The group’s big move so far in Ohio is a website — dishonestjonny.com — that attacks Secretary of State Jon Husted, one of Renacci’s Republican opponents.
Original version of dishonestjonny.com, which included a “Paid for by Citizens for Trump” disclaimer. The disclaimer is longer on the site.
Citizens for Trump / Via Google cache of dishonestjonny.com
But information about that website’s origin began to disappear once BuzzFeed News began asking questions. The site, for example, no longer includes its original “Paid for by Citizens for Trump” disclaimer at the bottom of its pages.
According to online records BuzzFeed News reviewed during the week of Sept. 24, James Brown of Patriotic Strategies registered the dishonestjonny.com domain on Sept. 5.
Efforts to reach Brown or Patriotic Strategies were unsuccessful.
A Patriotic Strategies page on Facebook links to Citizens for Trump content and describes the company as “a ‘start to finish’ conservative based political solution provider company that provides insightful and intelligent action plans that follow strategic ideas aimed at solving problematic challenges.” The page also links to an undeveloped website that records show was registered by Selaty.
But the phone number listed with the registration for dishonestjonny.com — the site registered by Brown of Patriotic Strategies — is the same number Selaty used when applying for a rally permit in Cleveland last year and when calling and texting with BuzzFeed News last week. The address listed for Brown on Patriotic Strategies’ incorporation papers in Texas also matches the address on Selaty’s 2016 permit application. (Selaty did not respond to a follow-up text or email requesting to be put in touch with Brown.)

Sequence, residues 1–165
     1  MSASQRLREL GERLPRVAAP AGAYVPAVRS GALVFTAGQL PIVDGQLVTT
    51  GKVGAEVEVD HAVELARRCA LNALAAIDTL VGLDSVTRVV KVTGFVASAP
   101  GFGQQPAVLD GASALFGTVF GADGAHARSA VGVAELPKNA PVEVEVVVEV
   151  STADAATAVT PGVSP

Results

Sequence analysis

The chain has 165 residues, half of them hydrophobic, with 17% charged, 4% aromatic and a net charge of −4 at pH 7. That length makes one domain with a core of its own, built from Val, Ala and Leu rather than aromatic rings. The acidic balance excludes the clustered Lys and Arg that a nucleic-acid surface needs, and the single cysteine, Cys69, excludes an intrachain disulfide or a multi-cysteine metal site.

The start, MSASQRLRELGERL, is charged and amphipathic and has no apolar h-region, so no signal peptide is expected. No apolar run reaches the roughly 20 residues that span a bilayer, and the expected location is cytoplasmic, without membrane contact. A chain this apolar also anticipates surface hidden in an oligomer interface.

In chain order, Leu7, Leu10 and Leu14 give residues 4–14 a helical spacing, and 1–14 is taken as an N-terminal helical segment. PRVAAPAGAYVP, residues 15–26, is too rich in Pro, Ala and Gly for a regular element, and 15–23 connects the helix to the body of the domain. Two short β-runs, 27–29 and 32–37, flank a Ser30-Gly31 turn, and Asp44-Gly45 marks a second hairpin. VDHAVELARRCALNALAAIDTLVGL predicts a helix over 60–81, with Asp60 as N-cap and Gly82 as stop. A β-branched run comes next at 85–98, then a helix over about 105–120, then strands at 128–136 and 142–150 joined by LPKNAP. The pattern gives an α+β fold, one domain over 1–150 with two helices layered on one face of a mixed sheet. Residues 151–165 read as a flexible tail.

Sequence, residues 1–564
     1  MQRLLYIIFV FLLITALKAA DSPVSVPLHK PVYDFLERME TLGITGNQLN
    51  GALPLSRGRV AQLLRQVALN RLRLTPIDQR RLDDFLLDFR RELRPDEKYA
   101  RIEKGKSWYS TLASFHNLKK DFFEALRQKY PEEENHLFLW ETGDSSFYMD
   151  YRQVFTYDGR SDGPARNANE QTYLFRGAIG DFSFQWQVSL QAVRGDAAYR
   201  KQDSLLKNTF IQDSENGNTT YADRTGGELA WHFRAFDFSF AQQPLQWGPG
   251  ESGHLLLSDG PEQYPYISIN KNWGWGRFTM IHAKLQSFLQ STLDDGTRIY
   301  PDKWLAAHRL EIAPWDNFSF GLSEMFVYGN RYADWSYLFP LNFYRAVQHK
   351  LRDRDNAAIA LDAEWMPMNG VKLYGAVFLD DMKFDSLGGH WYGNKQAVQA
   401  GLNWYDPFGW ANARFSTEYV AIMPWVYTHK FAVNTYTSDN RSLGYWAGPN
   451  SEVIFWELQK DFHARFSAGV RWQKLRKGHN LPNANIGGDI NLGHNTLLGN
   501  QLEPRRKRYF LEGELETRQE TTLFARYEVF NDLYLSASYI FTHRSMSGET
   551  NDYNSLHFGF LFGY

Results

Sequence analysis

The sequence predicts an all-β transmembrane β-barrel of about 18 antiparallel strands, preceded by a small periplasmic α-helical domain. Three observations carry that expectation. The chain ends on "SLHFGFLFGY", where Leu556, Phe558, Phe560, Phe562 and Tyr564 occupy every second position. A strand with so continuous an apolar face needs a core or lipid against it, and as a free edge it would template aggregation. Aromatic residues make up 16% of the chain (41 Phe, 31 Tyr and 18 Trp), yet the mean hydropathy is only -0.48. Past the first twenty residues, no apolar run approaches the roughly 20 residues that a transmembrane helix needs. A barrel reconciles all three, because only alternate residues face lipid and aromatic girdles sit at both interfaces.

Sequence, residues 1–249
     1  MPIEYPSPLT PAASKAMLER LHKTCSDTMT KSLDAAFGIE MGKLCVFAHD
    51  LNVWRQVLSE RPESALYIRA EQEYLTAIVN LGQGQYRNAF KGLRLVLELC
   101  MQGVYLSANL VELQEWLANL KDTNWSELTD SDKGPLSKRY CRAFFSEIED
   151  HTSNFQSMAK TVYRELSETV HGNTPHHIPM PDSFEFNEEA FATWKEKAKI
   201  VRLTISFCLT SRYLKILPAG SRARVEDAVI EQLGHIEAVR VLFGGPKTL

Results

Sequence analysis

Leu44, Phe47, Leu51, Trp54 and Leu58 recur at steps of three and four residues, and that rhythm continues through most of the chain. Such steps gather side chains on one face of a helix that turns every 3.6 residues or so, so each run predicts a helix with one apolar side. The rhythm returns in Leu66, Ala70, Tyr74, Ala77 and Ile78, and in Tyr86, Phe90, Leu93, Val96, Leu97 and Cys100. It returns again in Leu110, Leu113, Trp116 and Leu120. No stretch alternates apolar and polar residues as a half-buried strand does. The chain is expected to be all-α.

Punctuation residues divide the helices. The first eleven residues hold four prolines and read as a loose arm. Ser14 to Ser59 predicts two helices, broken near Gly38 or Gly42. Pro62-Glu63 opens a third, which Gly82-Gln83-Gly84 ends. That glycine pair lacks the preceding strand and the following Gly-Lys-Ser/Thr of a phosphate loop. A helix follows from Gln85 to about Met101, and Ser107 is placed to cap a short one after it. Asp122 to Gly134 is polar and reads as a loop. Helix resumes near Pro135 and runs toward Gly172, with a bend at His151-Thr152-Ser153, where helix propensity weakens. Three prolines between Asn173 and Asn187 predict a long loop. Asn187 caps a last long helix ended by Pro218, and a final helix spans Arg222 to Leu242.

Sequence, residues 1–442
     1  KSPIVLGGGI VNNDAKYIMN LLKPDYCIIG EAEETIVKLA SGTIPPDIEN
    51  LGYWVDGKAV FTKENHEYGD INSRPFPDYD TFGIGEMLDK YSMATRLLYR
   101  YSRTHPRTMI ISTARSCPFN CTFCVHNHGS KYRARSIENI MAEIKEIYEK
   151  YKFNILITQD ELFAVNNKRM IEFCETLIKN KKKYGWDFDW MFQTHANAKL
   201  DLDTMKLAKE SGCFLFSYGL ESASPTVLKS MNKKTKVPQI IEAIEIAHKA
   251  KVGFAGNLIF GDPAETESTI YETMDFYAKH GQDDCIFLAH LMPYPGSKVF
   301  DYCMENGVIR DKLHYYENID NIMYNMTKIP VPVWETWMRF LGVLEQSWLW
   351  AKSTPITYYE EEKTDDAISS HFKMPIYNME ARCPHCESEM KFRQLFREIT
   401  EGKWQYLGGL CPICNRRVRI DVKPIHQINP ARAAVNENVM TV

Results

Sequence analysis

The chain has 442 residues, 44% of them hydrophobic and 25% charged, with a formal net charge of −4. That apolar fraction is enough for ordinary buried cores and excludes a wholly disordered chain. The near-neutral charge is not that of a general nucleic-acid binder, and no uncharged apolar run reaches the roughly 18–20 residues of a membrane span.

By Friday, the dishonestjonny.com domain’s registration information had been made private in the Internet Corporation for Assigned Names and Numbers (ICANN) database and at GoDaddy.com.
Screengrabs from the original web domain registration for dishonestjonny.com, accessed by BuzzFeed News on Sept. 24. The registration information was made private days later.
ICANN / Via whois.icann.org
Meanwhile, records show the Renacci campaign registered a similar domain — dishonestjon.com — on Sept. 5, the same day Patriotic Strategies registered its anti-Husted site. The Renacci site has not yet been developed.
Selaty said Citizens for Trump would like to back an entire slate of pro-Trump Republicans in next year’s Ohio primary, where open races for all statewide offices are on the ballot. He acknowledged that the group sometimes could be at odds with Trump, as it was in Alabama.
“There’s a division in that base,” Selaty said. “We’re not mindless sheep.”